Friday, February 5, 2010


Bangles photo from the band’s website.

When I was a kid, we often had a meal my mother called “slumgullion” on Friday nights. I think the word actually refers to a sort of stew, but she used it to mean a variety of different foods. And so, on this Friday, we have the very first Broken Hearted Toy Slumgullion.

In addition to working on a new CD, The Bangles will be performing throughout the Midwest this Spring. The band will be at the Fine Line Cafe in Minneapolis on April 29th, the Northern Lights Theater in Milwaukee on April 30th, and The Pageant in St. Louis on May 2nd. May 1st will find The Bangles headlining The AIDS Foundation of Chicago’s 25th Anniversary Gala, Not Just Song & Dance at the Hilton Chicago. Tickets for this fundraising event are $500. For more information, call Chris Matthews (not the Hardball host) at 312-334-0917. In other Bangles news, fans can now follow guitarist-vocalist Vicki Peterson (as VickiBangle) on Twitter.

James Moeller and Carla Hayden are consistently inventive artists, whether they’re acting in the Black Forest theatre group, or fronting their band as guitarist-vocalist and vocalist, respectively. The avant garde, alt-rock WhiteWolfSonicPrincess will be showing off some new members and instrumentation on February 18th at the Goose Island Brew Pub on Clark Street in Chicago. I’ve been following the revamped WWSP’s progress on Moeller’s blog, and his enthusiasm for the new energy and chemistry he’s feeling is contagious.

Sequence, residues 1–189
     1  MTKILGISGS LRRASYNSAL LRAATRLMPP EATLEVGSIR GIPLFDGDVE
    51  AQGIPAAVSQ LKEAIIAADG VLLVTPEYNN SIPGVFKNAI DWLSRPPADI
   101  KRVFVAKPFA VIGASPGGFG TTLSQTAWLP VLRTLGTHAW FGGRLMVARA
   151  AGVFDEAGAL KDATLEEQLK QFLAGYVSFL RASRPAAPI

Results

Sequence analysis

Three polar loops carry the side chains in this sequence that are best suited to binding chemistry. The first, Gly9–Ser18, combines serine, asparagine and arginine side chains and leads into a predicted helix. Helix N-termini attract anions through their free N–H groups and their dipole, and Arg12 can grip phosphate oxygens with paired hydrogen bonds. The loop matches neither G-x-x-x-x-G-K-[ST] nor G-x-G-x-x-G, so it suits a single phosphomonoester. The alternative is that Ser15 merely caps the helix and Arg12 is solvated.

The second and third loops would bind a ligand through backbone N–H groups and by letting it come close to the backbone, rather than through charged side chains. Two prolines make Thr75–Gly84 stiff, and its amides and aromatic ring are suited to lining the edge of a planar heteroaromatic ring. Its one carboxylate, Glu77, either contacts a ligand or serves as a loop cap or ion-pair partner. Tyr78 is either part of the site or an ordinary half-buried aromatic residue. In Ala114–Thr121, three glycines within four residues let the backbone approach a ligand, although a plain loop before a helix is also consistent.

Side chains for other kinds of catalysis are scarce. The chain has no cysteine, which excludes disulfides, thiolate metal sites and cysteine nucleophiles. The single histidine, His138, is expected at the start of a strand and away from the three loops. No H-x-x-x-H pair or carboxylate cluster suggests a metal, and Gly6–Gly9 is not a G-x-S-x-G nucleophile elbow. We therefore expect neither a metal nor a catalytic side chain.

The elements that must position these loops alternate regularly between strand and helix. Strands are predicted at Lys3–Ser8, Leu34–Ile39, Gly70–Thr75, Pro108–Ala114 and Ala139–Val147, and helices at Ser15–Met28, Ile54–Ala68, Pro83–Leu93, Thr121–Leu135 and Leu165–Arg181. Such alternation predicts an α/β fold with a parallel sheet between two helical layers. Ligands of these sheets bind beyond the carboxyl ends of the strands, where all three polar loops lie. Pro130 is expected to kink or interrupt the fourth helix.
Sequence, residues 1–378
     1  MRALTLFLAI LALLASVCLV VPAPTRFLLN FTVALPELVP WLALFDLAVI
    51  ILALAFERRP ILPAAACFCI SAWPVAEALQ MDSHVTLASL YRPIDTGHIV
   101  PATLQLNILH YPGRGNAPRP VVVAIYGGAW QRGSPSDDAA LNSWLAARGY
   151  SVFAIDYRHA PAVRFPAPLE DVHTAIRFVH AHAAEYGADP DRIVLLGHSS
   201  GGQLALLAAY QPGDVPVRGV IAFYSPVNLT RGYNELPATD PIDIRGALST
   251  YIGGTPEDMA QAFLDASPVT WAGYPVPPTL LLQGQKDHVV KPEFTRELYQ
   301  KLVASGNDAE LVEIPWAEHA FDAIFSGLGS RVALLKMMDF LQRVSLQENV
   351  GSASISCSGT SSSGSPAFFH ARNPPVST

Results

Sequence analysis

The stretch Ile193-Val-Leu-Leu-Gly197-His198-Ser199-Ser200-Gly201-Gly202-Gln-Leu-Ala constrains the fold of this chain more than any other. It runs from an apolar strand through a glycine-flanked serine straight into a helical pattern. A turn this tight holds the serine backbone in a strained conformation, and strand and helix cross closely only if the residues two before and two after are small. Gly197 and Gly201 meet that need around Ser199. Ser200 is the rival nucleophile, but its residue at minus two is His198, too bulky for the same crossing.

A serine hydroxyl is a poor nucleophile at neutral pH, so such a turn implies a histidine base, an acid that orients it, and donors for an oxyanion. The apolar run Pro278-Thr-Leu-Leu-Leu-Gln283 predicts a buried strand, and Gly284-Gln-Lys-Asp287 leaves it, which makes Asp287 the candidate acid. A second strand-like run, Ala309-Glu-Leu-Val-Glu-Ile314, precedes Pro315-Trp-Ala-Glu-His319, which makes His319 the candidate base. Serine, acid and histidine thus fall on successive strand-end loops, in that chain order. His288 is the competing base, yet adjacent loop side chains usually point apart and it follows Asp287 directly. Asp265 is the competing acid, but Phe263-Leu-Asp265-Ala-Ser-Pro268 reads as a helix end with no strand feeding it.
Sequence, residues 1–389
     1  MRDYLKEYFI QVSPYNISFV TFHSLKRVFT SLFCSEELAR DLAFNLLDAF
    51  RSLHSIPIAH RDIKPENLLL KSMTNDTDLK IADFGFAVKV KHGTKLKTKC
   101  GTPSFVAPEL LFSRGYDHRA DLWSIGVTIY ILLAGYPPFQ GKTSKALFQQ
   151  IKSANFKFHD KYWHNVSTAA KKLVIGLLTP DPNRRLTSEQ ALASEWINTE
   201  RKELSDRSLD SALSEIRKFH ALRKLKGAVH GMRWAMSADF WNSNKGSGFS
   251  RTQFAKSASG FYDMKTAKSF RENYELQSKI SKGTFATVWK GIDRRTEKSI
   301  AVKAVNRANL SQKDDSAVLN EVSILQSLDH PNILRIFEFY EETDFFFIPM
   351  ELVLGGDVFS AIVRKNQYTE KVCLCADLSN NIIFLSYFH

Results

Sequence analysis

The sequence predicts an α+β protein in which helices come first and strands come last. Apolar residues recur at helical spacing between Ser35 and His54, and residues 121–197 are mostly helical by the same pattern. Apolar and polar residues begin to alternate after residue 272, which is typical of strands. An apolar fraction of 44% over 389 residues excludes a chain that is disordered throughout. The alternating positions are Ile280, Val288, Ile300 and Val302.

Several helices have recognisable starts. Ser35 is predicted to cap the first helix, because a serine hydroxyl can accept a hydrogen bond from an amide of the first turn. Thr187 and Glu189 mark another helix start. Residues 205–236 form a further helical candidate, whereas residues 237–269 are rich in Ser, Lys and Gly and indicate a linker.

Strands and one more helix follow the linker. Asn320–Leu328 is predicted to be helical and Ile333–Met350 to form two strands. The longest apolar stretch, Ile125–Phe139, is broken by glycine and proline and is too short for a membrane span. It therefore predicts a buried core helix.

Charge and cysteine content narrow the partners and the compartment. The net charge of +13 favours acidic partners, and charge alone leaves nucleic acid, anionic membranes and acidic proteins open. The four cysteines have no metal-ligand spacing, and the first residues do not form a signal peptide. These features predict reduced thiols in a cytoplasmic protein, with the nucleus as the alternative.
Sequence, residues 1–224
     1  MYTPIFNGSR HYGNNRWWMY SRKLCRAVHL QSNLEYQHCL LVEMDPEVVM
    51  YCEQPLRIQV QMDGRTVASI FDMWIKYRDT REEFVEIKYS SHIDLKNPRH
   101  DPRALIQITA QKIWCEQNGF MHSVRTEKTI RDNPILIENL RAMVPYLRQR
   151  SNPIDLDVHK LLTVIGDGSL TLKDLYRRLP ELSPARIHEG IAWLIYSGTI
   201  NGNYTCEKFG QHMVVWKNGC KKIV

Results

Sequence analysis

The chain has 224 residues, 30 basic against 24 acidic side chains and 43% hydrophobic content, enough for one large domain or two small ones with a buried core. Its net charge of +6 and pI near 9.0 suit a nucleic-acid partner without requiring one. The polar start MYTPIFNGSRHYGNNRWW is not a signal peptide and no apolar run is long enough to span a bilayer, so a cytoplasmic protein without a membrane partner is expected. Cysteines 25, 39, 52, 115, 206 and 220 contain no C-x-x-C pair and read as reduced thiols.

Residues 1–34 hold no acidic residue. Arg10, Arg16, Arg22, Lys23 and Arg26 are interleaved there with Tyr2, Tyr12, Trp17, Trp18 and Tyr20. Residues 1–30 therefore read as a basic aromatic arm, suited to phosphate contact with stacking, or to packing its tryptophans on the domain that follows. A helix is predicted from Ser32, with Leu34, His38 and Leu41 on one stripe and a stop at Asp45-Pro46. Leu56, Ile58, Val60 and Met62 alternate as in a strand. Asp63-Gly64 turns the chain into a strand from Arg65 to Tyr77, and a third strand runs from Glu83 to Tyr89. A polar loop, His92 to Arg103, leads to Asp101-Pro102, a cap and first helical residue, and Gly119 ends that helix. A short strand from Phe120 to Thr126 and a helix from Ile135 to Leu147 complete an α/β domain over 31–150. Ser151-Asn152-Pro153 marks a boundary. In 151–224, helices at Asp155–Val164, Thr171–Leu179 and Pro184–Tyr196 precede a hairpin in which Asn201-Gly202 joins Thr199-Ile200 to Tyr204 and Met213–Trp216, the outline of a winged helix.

The Fest For Beatles Fans has just added former Wings and Moody Blues member Denny Laine to an already noteworthy line-up for its 36th Annual Beatles Celebration on March 26 -28 at the NJ Crowne Plaza Meadowlands Hotel in Secaucus, New Jersey. Denny Seiwell, another musician who logged time in Paul McCartney’s second most famous band, will also appear, along with Spencer Davis, Rolling Stones producer Andrew Loog Oldham, Billy J. Kramer, and Chris Montez. The Fest For Beatles Fans comes to Chicago on the weekend of August 13 -15, but the guests have not been announced yet. I was hoping the list would feature a former or current member of The Hollies, considering they’ve just been inducted into the Rock And Roll Hall Of Fame, and Terry Sylvester did so well at The Fest a few years back.

Vocalist-guitarist Diane Christiansen of the alt-rock/Country & Western group Dolly Varden is joining forces with artist Shoshanna Utchenik to present Notes to Nonself. Described as a “participatory art installation on the nature of self and mind, connection and distraction,” the exhibit runs from February 11th to May 2nd at the Hyde Park Art Center on Cornel Street in Chicago.

Locksley is coming to Schuba’s in Chicago on March 25th, about nine days after its latest CD, Be In Love hits the stores. The Wisconsin based garage rock band will also have its “Darling It’s True” released as a 7” single on Underground Garage honcho Little Steven VanZandt’s Wicked Cool label. A video for the song can be seen at